Semin Cutan Med Surg. 2002 Dec;21(4):251-65.  
   

Biophysics of nonablative dermal remodeling

Ross EV, Zelickson BD.

Dermatology Department, Naval Medical Center San Diego, San Diego, CA 92134, USA. vicross@mfn.com<>

This article explores the physics of nonablative skin remodeling as well as the histologic sequelae. Although there have been several studies of nonablative skin remodeling, the exact mechanisms of action and thus the optimum device-specific parameters are not yet known. The article is divided into a discussion of the physics of laser-tissue interactions, followed by a review of the types of devices used for nonablative skin remodeling, and the histologic findings that follow treatment.

Hautarzt. 2002 Jun;53(6):385-92.  

“Skin rejuvenation” by non-ablative laser and light systems: Literature research and overview

[Article in German]

Grema H, Raulin C, Greve B.

Laserklinik Karlsruhe, Kaiserstrasse 104, 76133 Karlsruhe.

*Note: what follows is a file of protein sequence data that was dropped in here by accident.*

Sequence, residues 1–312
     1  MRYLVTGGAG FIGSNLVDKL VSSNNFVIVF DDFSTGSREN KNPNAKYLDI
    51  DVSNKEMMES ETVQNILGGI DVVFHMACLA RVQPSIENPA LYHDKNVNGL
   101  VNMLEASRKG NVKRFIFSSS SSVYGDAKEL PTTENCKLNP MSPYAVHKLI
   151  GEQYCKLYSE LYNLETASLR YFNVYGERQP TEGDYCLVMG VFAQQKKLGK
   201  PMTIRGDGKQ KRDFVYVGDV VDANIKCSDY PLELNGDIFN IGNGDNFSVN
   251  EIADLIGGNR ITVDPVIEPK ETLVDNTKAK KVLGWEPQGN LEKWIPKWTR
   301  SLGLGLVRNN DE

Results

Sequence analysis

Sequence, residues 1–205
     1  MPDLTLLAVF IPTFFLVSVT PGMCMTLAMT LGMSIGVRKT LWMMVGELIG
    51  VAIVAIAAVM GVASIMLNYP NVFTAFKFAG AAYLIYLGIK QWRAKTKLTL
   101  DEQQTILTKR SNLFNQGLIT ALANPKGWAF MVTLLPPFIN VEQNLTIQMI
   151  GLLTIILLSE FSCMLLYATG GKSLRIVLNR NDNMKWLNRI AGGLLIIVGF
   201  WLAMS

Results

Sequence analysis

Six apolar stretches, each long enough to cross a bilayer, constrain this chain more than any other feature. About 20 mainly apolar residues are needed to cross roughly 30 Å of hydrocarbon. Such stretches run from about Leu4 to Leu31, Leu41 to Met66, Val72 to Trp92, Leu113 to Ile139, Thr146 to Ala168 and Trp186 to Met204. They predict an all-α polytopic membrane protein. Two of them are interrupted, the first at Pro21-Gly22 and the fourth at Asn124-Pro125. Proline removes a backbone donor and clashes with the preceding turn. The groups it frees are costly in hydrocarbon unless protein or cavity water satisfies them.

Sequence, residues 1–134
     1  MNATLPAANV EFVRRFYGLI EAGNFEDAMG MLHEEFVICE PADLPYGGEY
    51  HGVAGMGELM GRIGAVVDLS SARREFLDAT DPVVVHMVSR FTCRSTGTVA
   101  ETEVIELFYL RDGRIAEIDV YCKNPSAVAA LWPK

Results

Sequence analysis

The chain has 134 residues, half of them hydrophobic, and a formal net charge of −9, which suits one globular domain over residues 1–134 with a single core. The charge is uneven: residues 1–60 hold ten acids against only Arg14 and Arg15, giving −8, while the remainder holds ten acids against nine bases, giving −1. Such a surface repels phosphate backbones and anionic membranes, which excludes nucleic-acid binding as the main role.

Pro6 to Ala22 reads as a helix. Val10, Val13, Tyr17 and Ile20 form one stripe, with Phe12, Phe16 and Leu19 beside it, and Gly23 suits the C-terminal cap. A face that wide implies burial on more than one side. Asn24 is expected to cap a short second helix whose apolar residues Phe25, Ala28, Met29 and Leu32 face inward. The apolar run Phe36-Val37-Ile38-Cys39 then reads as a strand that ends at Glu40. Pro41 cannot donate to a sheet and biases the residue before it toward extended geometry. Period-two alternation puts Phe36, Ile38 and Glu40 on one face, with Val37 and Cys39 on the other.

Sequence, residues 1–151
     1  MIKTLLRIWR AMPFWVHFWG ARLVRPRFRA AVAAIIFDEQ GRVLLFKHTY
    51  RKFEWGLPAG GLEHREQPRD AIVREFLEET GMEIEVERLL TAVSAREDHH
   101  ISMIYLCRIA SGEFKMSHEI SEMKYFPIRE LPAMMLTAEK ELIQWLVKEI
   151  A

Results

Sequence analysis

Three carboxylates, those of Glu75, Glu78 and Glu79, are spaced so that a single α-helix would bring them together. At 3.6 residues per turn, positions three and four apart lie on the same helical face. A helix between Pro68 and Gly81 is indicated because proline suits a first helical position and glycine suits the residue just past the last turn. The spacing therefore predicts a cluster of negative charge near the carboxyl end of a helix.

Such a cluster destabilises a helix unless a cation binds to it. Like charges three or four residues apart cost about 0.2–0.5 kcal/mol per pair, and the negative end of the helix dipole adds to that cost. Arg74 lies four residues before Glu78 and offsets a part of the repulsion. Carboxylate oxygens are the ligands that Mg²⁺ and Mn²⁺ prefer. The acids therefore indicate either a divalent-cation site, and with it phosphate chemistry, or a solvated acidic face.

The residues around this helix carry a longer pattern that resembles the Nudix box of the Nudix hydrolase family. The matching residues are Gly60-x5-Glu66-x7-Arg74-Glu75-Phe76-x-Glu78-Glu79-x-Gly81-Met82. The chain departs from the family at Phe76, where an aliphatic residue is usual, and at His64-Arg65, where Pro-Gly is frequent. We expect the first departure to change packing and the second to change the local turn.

Currently, ablative laser therapy (with CO2/Er:YAG lasers) and deep chemical peeling are effective and promising methods of skin rejuvenation. The induction of collagen synthesis was observed after peelings with trichloroacetic acid or phenol as well as after treatments with the CO2 laser. In past years, the undesirable side effects and risks of these methods have led to intensified research in the fields of non-ablative facial rejuvenation and subsurfacing by means of ablative laser systems and intense pulsed light systems. The objective is to achieve selective, heat-induced denaturalisation of dermal collagen that leads to subsequent reactive synthesis but does not damage the epidermis. Recently, the results of numerous clinical and histological studies have indicated that these new technologies are successful. After critical review and assessment of current literature, we can say that in terms of their efficacy, non-ablative methods are not a comparable alternative to ablative skin resurfacing.